6. Miles Morales: Spider-Man Omnibus. Vol. 1 by Brian Michael Bendis, Sara Pichelli, et al.
When the Peter Parker of the Ultimate Universe falls, the world needs a Spider-Man – and here comes Miles Morales! But what’s the secret behind his powers – and can he master them before the Scorpion strikes? Family life gets complicated as Miles learns the truth about his uncle Aaron, and Captain America comes calling when war breaks out! Miles shares a multiversal meeting of the Spider-Men with the Marvel Universe’s Peter Parker, but what tragedy could leave the young hero swearing never to wear the webs again?
7. Squire by Nadia Shammas and Sara Alfageeh
Aiza has always dreamt of becoming a Knight. It’s the highest military honor in the once-great Bayt-Sajji Empire, and as a member of the subjugated Ornu people, Knighthood is her only path to full citizenship. It’s not how she imagined it, though. Aiza must navigate new friendships, rivalries, and rigorous training under the unyielding General Hende, all while hiding her Ornu background. As the pressure mounts, Aiza realizes that the “greater good” that Bayt-Sajji’s military promises might not include her, and that the recruits might be in greater danger than she ever imagined.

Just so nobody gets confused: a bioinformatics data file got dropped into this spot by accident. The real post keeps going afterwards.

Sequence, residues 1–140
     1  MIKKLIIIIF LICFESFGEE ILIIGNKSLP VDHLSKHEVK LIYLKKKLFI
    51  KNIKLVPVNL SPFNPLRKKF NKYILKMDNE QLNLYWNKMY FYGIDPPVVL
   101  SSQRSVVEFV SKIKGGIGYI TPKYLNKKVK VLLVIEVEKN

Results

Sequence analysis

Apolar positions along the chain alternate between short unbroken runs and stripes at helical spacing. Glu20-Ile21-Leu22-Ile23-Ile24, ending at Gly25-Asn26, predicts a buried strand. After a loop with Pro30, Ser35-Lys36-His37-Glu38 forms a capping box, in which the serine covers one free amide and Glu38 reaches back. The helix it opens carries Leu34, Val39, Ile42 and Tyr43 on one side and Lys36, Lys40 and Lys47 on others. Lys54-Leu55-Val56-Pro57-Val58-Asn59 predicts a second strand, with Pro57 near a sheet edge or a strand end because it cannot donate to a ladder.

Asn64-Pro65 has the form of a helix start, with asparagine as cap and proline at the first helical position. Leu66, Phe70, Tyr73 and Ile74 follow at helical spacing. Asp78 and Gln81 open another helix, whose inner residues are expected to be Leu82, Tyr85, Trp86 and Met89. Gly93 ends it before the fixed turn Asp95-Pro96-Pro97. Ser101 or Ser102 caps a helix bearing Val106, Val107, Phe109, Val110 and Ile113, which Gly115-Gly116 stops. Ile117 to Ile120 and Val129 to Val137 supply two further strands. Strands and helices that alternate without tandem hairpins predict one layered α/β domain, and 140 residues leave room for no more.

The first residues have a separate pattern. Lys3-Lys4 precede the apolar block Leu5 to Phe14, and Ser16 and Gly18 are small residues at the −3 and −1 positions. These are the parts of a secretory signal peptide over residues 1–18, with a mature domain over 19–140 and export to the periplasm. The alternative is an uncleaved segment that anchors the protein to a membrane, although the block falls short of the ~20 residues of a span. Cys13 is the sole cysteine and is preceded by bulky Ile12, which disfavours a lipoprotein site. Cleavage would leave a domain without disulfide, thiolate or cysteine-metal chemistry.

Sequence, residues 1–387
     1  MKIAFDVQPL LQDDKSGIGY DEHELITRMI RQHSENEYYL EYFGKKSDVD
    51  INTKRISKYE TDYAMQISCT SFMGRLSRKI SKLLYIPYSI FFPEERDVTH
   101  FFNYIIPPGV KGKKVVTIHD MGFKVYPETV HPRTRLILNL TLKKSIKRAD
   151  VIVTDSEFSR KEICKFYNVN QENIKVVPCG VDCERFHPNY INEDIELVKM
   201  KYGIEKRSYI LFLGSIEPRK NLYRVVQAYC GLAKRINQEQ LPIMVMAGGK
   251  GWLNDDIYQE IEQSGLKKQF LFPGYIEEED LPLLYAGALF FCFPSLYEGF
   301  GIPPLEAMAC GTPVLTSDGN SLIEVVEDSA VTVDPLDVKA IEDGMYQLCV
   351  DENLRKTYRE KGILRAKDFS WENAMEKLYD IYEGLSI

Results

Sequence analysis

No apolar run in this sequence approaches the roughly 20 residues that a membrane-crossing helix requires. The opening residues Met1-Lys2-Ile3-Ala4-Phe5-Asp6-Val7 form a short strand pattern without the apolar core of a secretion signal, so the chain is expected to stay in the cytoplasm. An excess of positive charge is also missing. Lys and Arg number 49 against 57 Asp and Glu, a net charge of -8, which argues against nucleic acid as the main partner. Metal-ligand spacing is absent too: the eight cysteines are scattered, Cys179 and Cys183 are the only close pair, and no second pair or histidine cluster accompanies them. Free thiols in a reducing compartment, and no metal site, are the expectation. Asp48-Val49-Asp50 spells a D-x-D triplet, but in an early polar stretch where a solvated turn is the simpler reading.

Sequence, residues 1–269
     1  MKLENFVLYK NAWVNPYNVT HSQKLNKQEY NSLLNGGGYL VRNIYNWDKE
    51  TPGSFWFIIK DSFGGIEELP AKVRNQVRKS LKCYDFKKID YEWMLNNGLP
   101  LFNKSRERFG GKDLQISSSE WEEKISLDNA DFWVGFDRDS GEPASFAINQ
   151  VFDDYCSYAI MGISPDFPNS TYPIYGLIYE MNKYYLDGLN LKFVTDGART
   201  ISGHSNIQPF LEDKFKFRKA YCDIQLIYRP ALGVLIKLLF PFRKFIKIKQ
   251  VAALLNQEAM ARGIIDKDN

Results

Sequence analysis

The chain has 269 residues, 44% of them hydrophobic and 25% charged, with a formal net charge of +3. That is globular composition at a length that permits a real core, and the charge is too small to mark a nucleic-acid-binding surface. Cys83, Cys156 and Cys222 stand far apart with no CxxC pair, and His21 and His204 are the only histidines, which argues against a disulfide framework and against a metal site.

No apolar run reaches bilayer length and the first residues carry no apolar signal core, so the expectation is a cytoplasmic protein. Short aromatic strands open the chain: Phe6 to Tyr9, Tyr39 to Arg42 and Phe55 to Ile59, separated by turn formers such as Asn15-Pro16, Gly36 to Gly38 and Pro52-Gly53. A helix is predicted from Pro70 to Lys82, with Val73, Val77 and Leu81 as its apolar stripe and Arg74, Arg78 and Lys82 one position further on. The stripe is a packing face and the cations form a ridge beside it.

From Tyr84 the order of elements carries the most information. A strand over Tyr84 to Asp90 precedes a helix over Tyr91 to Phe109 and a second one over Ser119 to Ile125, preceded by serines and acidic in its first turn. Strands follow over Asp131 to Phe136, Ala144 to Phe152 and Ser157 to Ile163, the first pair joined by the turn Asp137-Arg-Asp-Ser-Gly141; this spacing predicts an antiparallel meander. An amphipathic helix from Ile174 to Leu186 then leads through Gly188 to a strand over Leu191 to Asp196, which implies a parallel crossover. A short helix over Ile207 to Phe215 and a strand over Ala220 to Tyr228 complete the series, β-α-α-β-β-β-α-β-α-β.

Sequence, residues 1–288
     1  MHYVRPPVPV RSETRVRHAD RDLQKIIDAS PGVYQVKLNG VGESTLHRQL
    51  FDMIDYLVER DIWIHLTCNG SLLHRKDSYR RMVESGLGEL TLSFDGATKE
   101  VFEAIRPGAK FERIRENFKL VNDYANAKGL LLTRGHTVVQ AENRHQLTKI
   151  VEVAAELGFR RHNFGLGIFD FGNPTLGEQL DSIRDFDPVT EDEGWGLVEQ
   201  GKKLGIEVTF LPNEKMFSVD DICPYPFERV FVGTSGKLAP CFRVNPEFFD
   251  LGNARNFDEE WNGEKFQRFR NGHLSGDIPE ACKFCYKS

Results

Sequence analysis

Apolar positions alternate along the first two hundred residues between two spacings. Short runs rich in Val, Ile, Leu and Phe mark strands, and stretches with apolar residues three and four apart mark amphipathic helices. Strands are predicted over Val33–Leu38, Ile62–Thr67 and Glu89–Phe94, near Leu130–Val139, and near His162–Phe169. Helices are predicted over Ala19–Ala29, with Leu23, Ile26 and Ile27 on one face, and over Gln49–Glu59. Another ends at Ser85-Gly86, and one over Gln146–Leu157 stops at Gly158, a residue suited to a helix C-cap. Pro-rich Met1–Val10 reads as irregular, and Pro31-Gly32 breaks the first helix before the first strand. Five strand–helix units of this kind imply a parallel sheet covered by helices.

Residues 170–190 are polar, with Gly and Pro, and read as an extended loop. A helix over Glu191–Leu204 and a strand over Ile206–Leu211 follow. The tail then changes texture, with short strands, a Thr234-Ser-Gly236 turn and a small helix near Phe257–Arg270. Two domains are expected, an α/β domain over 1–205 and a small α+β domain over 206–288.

8. Victory. Stand!: Raising My Fist for Justice by Tommie Smith, Derrick Barnes, et al.
On October 16, 1968, during the medal ceremony at the Mexico City Olympics, Tommie Smith, the gold medal winner in the 200-meter sprint, and John Carlos, the bronze medal winner, stood on the podium in black socks and raised their black-gloved fists to protest racial injustice inflicted upon African Americans. Both men were forced to leave the Olympics, received death threats, and faced ostracism and continuing economic hardships. In his first-ever memoir for young readers, Tommie Smith looks back on his childhood growing up in rural Texas through to his stellar athletic career, culminating in his historic victory and Olympic podium protest.
9. Wash Day Diaries by Jamila Rowser and Robyn Smith
In expanding the story of Kim and her friends, the authors pay tribute to Black sisterhood through portraits of shared, yet deeply personal experiences of Black hair care. From self-care to spilling the tea at an hours-long salon appointment to healing family rifts, the stories are brought to life through beautifully drawn characters and different color palettes reflecting the mood in each story.
10. Welcome to St. Hell: My Trans Teen Misadventure by Lewis Hancox
Lewis has a few things to say to his younger teen self. He knows she hates her body. He knows she’s confused about who to snog. He knows she’s really a he and will ultimately realize this. But she’s going to go through a whole lot of mess (some of it funny, some of it not funny at all) to get to that point. Lewis is trying to tell her this…but she can’t quite hear him yet. In [this book], Lewis Hancox takes readers on the hilarious, heartbreaking, and healing path he took to make it past trauma, confusion, hurt, and dubious fashion choices in order to become the man he was meant to be.
All items on this list are available at the Perpich Library.